Be Ready to Learn

It takes 10,000 hours to master any subject or discipline, at least that’s what the experts say. No one says I always wanted to be a musician and picks up a saxophone and starts playing, even trying to be a professional. They take lessons. It has to be the same for Creative Writers. I have read far too much stuff from people who always wanted to write, or their mommy told them how good their stories are when they were kids, and it’s always awful. They think they can write a novel just because they have the desire and determination.

I spent a good five to six years learning the craft of authorship before I began a novel. I wrote many short stories, and each of them was an exercise. I took as many Creative Writing classes as I could get into. I knew I wanted to be an author and took it seriously enough to learn how to write the English language. And I am still learning because I don’t know it all. Every novel is an exercise where I try to develop this or work on that. I read books and articles on writing. Maybe the best schooling is from the masters themselves. I read the greats to learn how to write as well as I can.

Be a Dreamer

Many will call it a waste of time, but Creative Writers need to give themselves time to daydream. Part of this has to do with being a child again, and some it has to do with letting scenes and characters act things out before our eyes. But mostly, daydreaming is like anything else in that the more you do it, the better you get at it.

Take time to daydream, but not necessarily about any writing project, just dream about anything, everything. Try not to control it, but let it happen. The best daydreaming is intuitive. That’s because the best daydreaming is actually a line of communication between our conscious and sub-conscious minds. This is the true self, and that part our conscious mind often tries to hide from us.

Here’s a little secret: all of my novel ideas come from dreams. I don’t mean daydreams, but sleeping dreams. I’ll awake and remember if I’m lucky, and think about it for the morning or the day. And if I think it’s got enough juice, I’ll develop it and write it. So when I say be a dreamer, I mean both kinds.

Find Greatness in Ordinary Things

This blends the analysis of left brain with the wonderment of right brain. I’ll be honest, it’s hard to do. But like anything else, if you do it often enough and consistently enough, it can be a habit. And what a wonderful pattern for your life, to watch a bug on a leaf, a bird eating tossed out bread, or a sunset from beginning to end.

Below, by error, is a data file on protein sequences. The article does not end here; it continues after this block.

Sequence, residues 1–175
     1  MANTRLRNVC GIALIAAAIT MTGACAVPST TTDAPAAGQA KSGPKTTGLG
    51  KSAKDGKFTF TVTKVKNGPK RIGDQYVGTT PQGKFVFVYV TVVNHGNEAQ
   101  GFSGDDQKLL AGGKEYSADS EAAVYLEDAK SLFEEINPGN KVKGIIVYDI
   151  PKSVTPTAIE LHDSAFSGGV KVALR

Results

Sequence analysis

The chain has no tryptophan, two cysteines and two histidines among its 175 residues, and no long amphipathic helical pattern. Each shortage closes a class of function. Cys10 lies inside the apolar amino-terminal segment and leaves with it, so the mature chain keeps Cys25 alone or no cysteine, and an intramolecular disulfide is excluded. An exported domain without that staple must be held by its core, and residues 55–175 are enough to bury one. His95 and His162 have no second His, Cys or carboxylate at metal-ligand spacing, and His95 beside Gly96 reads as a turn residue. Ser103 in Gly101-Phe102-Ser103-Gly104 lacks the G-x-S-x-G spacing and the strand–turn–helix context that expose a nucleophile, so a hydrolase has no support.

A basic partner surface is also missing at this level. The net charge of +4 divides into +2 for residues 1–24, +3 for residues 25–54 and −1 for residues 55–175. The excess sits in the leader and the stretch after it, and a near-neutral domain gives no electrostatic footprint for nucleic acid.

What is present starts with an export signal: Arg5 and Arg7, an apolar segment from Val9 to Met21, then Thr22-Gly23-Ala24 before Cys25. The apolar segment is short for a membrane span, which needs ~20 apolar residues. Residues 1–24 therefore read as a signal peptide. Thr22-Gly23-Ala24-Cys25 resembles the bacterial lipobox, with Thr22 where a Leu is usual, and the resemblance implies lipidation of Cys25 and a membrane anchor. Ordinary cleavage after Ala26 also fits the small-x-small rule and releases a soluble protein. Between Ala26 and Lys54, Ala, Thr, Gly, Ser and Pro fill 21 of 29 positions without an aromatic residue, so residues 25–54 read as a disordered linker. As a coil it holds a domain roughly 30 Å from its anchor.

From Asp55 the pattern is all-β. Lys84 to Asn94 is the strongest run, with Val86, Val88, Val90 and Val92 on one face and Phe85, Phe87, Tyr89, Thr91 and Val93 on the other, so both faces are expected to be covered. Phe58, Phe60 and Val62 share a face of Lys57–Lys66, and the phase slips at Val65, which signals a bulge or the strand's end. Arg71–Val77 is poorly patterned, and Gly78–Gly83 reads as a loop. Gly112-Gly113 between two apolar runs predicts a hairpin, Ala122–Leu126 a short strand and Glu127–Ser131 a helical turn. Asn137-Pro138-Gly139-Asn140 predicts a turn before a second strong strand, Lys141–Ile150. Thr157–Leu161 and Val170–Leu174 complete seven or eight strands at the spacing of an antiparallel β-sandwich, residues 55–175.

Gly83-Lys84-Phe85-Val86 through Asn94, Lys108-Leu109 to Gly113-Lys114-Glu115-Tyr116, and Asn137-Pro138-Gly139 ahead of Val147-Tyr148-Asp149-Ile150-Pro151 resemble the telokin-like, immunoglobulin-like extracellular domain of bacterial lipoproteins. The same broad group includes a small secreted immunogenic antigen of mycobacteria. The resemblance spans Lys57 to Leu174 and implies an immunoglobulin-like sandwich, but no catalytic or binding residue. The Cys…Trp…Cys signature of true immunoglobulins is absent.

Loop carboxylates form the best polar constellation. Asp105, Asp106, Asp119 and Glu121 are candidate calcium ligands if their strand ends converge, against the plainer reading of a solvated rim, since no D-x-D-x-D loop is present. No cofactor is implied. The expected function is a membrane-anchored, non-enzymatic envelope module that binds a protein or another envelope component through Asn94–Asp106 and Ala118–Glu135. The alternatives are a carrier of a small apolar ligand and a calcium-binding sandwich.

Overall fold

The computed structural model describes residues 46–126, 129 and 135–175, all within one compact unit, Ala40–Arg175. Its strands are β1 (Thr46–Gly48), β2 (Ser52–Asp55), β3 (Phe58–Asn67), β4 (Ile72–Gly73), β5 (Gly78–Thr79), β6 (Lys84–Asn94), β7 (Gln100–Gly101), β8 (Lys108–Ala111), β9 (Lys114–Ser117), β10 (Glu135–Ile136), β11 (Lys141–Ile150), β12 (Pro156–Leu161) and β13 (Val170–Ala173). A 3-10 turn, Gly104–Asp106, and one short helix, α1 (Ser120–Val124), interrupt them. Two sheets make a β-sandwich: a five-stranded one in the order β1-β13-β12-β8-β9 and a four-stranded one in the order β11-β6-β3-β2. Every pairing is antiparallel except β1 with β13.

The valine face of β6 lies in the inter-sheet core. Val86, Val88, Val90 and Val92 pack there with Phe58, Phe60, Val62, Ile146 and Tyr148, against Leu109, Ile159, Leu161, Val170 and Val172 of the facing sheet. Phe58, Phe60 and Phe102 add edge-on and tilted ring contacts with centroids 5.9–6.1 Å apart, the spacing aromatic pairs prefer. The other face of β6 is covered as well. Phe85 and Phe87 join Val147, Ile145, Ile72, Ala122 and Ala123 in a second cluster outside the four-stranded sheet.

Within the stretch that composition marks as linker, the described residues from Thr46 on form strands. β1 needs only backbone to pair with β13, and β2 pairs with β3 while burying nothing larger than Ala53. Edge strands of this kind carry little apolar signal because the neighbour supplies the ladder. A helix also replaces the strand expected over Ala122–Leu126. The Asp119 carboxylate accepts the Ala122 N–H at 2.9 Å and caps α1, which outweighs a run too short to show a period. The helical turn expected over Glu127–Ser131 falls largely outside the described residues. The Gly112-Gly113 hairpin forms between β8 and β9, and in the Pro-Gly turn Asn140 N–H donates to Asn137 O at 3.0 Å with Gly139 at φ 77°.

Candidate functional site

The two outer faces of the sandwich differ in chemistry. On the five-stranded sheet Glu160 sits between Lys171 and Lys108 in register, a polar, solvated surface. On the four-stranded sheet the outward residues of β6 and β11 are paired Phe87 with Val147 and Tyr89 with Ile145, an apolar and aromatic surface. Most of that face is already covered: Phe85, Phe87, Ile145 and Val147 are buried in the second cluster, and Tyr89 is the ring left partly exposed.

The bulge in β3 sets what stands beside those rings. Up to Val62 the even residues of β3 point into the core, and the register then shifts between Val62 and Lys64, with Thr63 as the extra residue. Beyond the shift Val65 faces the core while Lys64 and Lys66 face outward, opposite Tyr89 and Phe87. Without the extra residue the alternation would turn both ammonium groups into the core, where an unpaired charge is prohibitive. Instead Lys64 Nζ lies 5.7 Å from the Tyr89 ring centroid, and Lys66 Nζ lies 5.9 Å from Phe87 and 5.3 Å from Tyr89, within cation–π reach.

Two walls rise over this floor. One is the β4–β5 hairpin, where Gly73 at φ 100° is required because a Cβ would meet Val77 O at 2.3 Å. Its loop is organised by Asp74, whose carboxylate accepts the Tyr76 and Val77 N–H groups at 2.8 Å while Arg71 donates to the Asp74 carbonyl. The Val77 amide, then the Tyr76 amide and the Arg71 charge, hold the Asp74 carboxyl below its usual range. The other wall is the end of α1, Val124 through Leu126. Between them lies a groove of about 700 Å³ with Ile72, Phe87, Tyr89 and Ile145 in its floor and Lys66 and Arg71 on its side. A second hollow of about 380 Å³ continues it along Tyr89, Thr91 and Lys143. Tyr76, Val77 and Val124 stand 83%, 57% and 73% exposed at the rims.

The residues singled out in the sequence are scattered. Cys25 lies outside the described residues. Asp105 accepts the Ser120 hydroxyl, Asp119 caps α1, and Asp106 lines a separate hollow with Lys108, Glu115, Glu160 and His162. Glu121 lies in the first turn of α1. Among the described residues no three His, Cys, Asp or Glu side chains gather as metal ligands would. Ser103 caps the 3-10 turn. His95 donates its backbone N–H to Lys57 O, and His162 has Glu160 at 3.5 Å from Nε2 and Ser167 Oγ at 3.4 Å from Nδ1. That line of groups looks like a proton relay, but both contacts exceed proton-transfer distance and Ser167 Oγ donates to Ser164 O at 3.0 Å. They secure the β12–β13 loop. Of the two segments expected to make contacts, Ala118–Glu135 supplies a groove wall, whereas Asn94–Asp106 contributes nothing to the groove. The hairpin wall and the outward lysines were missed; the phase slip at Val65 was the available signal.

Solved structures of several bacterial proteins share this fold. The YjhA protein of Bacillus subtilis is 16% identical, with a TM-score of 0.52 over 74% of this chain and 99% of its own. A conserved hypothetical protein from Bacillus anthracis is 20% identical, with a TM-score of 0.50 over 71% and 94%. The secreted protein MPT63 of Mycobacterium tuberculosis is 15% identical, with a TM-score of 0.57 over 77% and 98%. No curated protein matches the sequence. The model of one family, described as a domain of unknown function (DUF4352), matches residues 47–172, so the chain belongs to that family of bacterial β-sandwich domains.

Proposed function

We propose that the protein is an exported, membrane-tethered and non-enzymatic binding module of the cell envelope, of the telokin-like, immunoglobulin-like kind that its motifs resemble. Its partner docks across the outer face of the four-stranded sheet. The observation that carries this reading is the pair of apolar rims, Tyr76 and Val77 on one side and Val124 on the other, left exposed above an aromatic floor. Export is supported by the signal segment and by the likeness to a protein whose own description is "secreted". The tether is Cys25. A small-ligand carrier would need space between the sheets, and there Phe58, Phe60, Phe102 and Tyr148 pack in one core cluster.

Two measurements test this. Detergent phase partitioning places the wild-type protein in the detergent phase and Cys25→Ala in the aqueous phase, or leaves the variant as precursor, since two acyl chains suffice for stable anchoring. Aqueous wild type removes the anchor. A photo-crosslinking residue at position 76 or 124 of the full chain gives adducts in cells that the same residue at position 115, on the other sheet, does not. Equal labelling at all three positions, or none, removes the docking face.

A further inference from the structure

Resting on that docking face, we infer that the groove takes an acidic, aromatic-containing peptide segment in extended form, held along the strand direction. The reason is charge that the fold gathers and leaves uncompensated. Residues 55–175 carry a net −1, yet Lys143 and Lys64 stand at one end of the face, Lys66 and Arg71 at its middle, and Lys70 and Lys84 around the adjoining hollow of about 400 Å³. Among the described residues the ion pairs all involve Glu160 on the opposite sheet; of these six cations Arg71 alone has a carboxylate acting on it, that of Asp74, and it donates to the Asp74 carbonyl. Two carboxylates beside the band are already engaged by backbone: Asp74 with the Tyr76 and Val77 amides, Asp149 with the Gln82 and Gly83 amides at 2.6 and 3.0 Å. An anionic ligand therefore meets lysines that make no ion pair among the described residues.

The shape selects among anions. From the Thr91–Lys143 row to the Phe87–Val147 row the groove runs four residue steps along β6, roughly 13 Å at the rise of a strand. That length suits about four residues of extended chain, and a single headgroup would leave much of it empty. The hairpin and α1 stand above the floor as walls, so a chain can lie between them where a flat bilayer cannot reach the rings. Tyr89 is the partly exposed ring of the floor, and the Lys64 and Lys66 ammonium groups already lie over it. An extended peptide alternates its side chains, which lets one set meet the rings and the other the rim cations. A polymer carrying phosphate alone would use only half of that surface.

This is one reason I like watching some of these nature shows (another reason is there is nothing good on TV these days). But when I speak of ordinary things, I mean look at your life and the ordinary tasks of human existence we all do every day. Find pleasure in the simple things and enjoy what most ignore as mundane. This will keep your minds active, both left and right, conscious and sub-conscious. This works the soil for Creativity and makes sure your brain is fertile ground for anything you may write or do.

We are made by God to be Creative, but like all other personal aptitudes, it takes work to develop and maintain it. Anyone will benefit from a Creative mind, but authors and artists are skilless without it. Try these things and you’ll see an improvement I your writing and your life.

Leave a comment

Filed under Creative Writing

Harnessing Your Creativity

 I try to emphasize that I am not just a Writer, but a Creative Writer. I feel as if that is an important distinction to make. Novelists and short story writers go about their business differently than, let’s say, professional writers. So here is some advice on how to stretch wider and dig deeper our creative aptitude.

  • Keep a daily writing journal and chronicle your day’s productivity.
  • Keep a notebook with you at all times for ideas and observations.
  • Learn to be observant.
  • Re-write a piece of yours as a stream of consciousness work and see where it goes.
  • Try clustering.
  • Study nature for simile possibilities.
  • Try pen and paper instead of a keyboard once in a while.
  • Talk to strangers and then write about the experience.
  • Write it out with your other hand. Listen jazz when you write, you’ll internalize their improvisation.

I hope these help. If they do, let me know in the Comments section below. Or, give us your Creativity tips. I’d love to see them.

I would like to invite everyone to be a part of my monthly newsletter, THE PANDORICA OPENS. If you would like to sign up, drop me an email, abbott.neal@yahoo.com, and I’ll add you to the list. This is exceptionally timely now since I will launch my novel, PRINCE, on November 6th. Newsletter subscribers get access to early releases, extra goodies, as well price breaks – and a few free copies will be available.

Leave a comment

Filed under Uncategorized